‘You don’t let me get to know you’, ‘You’ve changed!’, ‘I can’t be myself around you’
Such comments as these make familiar appearances in the language of relationships. They are all, on the surface, markedly different reasons for breaking up and ending a relationship. However, a bit of analysis shows that they all share a fundamental characteristic which shows us a problem at the heart of our conceptions of our loved ones, or rather, our rejected or passed-over would-be loved ones.
What all the comments share is a kind of doubling; if I say that you won’t let me get to know you, I split you between the ‘you’ that I do know and the mysterious one that is being ‘held back’ as it were. Likewise, if I say that I can’t be myself around you, we have much the same structure only in reverse; now it is ‘me’ who is split, into the one who behaves around you, and the somehow truer one who would be ‘itself’ if you allowed it to be.
What this shows us is our desire to believe in an internal identity or see ourselves as having a kind of presence ‘within’. The temptation, in philosophical or theoretical terms, is to apply a theoretical assertion that this is false; really there is no internal identity, rather retorting to those who complain about us in these terms, ‘how I appear to be is all I am’. This is not simple, and is itself a valuable statement; it shows us how at the very moment of inadequacy, when our relationship is breaking down, we unconsciously turn back in language to an assertion of our own essential being as a way of ‘dealing’ with the problem.
However, what is perhaps more interesting is not stating the falsity of internal identity but analysing instead the effect or construction of that internality. Internal identity may not be ‘truly there’, but its appearance and effects are nevertheless absolutely real. It is something that Karl Marx picks up on in his ‘Theses on Feuerbach’, where he writes: ‘the human essence is no abstraction inherent in each single individual. In its reality it is the ensemble of social relations.’
Here, Marx anticipates a later criticism of his concept of ‘alienation’; that there is a problem with alienation because it implies a ‘true’ you from which to be alienated, much like our comments above, like ‘I can’t be myself around you.’ Yet here, far from doing away with the idea, instead Marx acknowledges that such a ‘human essence’ is a social construction, and is interested in the ‘reality’ of that concept as a social construction.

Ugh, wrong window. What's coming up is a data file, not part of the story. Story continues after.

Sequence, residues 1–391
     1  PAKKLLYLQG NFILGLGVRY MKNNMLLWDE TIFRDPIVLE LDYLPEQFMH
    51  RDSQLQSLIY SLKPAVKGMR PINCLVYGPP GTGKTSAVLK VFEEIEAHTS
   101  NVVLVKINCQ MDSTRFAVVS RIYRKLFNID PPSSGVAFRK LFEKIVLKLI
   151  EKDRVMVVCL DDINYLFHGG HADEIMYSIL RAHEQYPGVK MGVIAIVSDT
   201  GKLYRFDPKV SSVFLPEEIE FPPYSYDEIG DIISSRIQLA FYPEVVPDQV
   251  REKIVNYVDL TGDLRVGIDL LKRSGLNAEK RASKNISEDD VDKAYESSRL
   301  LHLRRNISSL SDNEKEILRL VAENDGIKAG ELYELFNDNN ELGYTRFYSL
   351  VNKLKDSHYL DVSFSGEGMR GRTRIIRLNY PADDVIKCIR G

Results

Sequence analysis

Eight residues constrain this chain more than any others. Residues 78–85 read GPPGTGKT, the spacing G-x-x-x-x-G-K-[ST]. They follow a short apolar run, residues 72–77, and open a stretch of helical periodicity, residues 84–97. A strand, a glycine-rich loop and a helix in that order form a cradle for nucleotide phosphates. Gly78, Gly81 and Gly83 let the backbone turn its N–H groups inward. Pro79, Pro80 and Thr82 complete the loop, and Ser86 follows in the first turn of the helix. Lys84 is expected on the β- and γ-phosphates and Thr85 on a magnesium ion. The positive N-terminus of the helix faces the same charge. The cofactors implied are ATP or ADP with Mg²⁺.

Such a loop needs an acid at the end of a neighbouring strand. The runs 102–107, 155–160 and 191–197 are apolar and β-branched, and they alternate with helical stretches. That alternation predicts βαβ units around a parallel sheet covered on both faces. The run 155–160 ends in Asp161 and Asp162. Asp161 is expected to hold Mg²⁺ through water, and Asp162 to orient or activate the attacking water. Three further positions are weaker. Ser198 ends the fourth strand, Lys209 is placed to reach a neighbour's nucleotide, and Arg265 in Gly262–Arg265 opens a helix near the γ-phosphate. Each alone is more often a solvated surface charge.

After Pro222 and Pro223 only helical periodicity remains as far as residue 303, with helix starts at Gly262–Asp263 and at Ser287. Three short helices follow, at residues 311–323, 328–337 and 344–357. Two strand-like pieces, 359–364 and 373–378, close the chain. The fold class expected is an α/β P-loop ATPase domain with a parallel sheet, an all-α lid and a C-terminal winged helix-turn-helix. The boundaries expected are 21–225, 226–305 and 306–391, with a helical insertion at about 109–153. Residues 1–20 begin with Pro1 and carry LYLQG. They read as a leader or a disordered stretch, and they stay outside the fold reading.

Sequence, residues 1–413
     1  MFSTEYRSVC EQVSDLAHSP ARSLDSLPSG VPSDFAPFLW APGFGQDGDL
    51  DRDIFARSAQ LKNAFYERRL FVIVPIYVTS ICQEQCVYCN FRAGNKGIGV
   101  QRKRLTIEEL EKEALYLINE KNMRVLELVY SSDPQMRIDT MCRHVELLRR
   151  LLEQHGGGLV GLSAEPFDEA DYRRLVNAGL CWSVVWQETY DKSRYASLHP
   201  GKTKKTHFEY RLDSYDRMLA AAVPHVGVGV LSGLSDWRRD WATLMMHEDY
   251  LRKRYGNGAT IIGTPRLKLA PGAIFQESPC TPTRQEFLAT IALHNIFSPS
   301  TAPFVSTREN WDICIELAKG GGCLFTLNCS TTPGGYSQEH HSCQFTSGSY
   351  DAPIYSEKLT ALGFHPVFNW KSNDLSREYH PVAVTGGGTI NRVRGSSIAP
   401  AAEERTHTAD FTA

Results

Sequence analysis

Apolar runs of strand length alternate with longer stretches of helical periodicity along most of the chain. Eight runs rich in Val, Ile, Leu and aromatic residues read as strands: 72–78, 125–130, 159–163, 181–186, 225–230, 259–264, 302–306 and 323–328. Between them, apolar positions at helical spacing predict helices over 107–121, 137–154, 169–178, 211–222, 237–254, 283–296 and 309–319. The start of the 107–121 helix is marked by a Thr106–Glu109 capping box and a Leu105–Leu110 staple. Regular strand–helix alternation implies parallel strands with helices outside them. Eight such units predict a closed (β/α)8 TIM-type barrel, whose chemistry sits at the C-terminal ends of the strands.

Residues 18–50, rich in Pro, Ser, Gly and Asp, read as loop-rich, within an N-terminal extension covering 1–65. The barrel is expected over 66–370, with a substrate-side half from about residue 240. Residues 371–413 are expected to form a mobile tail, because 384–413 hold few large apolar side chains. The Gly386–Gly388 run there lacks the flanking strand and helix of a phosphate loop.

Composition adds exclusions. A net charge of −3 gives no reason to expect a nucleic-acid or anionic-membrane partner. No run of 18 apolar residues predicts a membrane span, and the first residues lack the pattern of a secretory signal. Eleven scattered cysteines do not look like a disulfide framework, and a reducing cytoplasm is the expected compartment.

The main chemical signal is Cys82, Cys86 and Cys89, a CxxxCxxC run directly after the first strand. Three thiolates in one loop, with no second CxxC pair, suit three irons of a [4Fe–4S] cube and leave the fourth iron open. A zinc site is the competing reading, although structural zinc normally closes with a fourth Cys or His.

Thinking about the production of identity as an effect is where one should turn to psychoanalysis. Mladen Dolar argues that ‘one could say: it is in the nature of identity to be mistaken as identity. Or: the identity is but a gap between two appearances’. Identity is a gap or absence, so that I am only established through difference from others (as Ferdinand de Saussure says of language). But a mistake is made in that identity is taken for something present, something pre-existing, when in fact it is produced.
In this new way of framing the problem, rather than asking the question: ‘who really are you?’, or ‘am I being myself?’, one ought to ask: ‘who are the people that I am not in order to make me who I am?’ Indeed, Alice, in Wonderland, ponders the problem in exactly these terms:
[“]I wonder if I’ve changed in the night. Let me think: was I the same when I got up this morning? […] But if I’m not the same, the next question is ‘Who in the world am I?’ Ah, that’sthe great puzzle!” And she began thinking over all the children she knew that were of the same age as herself, to see if she could have been changed for any of them.
“I’m sure I’m not Ada,” she said, “for her hair goes in such long ringlets, and mine doesn’t go in ringlets at all; and I’m sure I ca’n’t be Mabel, for I know all sorts of things, and she, oh she knows such a very little![”]
Alice recognizes that identity is the gap between two appearances, that identity is established through difference – but not difference between pre-existing identities – rather, all that I am is the space between everyone that I have met, and indeed everyone that I have not met, every person or term in my discourse, from class-mates to celebrities to imaginary friends. The effect of essence or presence is a mistake, but it is a very real one.
As such, when our friends or lovers accuse us of having ‘changed’, what we are really dealing with is the fact that our position in their own symbolic chain has changed; that the position we occupied in relation to their sense of themselves has altered, forcing them to redefine themselves as the gap between the people they ‘know’, since that order of people they know has ‘changed’.
Or when our lovers tell us that we didn’t ‘let them in’ or ‘let them get to know us’, are we not dealing with another side of the same coin? It is not that they didn’t get to ‘know’ us, but that they did get to know us, and what they found was inadequate, so that they faced the trauma that we did not occupy the position in their symbolic universe that they wanted us to. At the moment you realize this, identity becomes completely unstable, subject to change with everyone you see or meet, and at this moment you attempt to re-inscribe stability by an anxious and failed reassertion of essence.